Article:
I smelled a rat with the migration process for edited images. The edited images had seemed to be imported as version sets correctly. I did a bit more checking. The following grab shows a typical (albeit) sample image:

Note that the original image in the Version set is selected, and the Size attributes are displayed correctly in the Properties window.

Now, have a look at this next one, with the newer image from the Version set selected:

I've highlighted the problem area - the image width and height are missing. This was pointing to all not being well with the edited image.

I waded through the information on the Adobe support site here, I couldn't find any exact match. I even resorted to the forums, which are extremely painful to use - and still no match.

So, I thought - there's nothing for it but to submit a bug report. This itself was fairly painless, but disappointing:
  1. no reference number, or tracking information was returned.
  2. no acknowledgment that a bug had even been reported (via email, for example).
However, I was determined not to be beaten by this. I went back to the support documents, and found that a number of suggested fixes finished with the recommendation to use the "Update Thumbnail" command. What the? I didn't think that this would be appropriate for me - since my thumbnails looked fine, thank you very much.

Well, I thought - what could possibly go wrong ?

I'm pleased to report that - it actually fixed the problem!! Woo hoo. I was a little surprised, but relieved to say the least. A few years of editing had not been lost.

I was wondering why I needed to do this though - I used the supported Catalog conversion process. If PSE needed my thumbnails to be updated, I would have preferred them to be done as part of the migration process.

However, this exercise did open my eyes to the strange support mechanisms provided by Adobe. When the product itself sports a gleaming new interface, it's a little sad that the support facilities are somewhat lacking - and in case of those forums, downright primitive.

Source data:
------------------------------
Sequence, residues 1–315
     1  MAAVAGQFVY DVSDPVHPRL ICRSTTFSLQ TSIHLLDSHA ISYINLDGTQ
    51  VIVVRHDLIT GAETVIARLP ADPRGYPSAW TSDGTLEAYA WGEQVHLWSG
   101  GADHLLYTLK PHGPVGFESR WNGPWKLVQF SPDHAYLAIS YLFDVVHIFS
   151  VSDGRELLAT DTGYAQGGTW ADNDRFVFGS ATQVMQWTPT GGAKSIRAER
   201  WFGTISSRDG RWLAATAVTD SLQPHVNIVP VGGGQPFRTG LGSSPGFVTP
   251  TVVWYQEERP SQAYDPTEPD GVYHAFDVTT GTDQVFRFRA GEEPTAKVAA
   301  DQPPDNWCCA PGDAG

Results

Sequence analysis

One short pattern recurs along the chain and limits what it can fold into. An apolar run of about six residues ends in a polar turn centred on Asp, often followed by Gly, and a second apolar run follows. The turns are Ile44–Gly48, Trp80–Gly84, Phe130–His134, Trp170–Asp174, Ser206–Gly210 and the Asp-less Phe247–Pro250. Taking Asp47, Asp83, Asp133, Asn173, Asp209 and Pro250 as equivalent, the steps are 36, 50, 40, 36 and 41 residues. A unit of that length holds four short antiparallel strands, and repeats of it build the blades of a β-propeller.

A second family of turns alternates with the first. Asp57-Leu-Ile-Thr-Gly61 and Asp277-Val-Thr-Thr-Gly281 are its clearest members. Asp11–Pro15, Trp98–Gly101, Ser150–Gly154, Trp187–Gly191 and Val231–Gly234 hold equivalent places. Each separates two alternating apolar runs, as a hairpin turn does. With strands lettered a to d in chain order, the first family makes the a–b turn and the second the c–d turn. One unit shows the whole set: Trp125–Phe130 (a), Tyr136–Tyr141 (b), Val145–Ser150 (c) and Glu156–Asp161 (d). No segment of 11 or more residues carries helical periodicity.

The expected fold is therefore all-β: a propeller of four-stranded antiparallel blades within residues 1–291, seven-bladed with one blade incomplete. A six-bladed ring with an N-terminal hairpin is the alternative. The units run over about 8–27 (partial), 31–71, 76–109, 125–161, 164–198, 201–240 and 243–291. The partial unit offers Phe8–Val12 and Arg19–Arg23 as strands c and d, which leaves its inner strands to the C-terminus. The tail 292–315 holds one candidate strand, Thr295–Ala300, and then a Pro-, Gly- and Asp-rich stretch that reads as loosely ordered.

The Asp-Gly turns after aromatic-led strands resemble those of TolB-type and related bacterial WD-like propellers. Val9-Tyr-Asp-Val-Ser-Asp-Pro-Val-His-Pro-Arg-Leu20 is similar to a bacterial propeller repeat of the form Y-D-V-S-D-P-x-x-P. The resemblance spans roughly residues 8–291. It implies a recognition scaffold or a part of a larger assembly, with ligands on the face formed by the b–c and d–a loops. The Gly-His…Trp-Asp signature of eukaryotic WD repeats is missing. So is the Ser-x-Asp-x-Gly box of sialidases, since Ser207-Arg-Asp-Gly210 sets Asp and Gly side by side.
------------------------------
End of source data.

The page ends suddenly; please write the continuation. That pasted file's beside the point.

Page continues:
If any Adobe guys are around - I guess you can close my bug report too :-)

Cheat Sheet Extensibility - Part 2


I forgot to mention one of the little tricks required to make the cheat sheet actually usable - you need to be able to signal it's completion :-)

There are a few things required to make this happen:
  1. the task requires a UI control which allows the user to signal that the task is complete. I used a form hyperlink control, similar to the following:
    ImageHyperlink link = toolkit.createImageHyperlink(
    Image img = AbstractUIPlugin.imageDescriptorFromPlugin(
    Activator.PLUGIN_ID, "/icons/complete_task.gif").createImage();
  2. a reference to the task being edited must be obtained. Fortunately, this is made available when the setInput method is called. In this method, use some code like this:

    public void setInput(IEditableTask _task, IMemento memento) {
    task = _task;
  3. attach a listener to the control

  4. when the link is activated, your listener will be fired. When this happens, the task should be set to complete. This is then just a simple method call using the task instance which has already been saved:


Wednesday, January 02, 2008

Cheat Sheet Extensibility

I've been looking at the Eclipse Cheat Sheet capability recently - with a view to using it more as a workflow assistance tool, rather than a "follow these instructions" helper.
As such, the idea of crafting specific tasks that the user can interact with seems an appealing idea.
Here's a screen shot of a simple first attempt.

Note that I've used the Eclipse Forms controls to blend in with the "flat look" layout.
This was pretty easy to get going:
  1. Define a task extension in your plug-in.

  2. Define the class referenced above. It needs to implement org.eclipse.ui.internal.provisional.cheatsheets.TaskEditor
  3. Implement the required methods. The main one of which is the createControl method - to create the UI controls used to edit the task.
    public void createControl(Composite comp, 
    FormToolkit toolkit) {

    form = toolkit.createForm(comp);
    form.setText("Hello, Eclipse Forms");

    Obviously, you may want to define a few more fields in there than this.
  4. Define a complex task, and then reference our newly defined task extension.
    <task id="t2" kind="MyPdeProject.taskEditor1" 
    name="Extended task"
    Introduction Extended
    This is the Conclusion

And that's it! Simple really.
Next, I'll take a look at how you can use task variables to communicate between your tasks.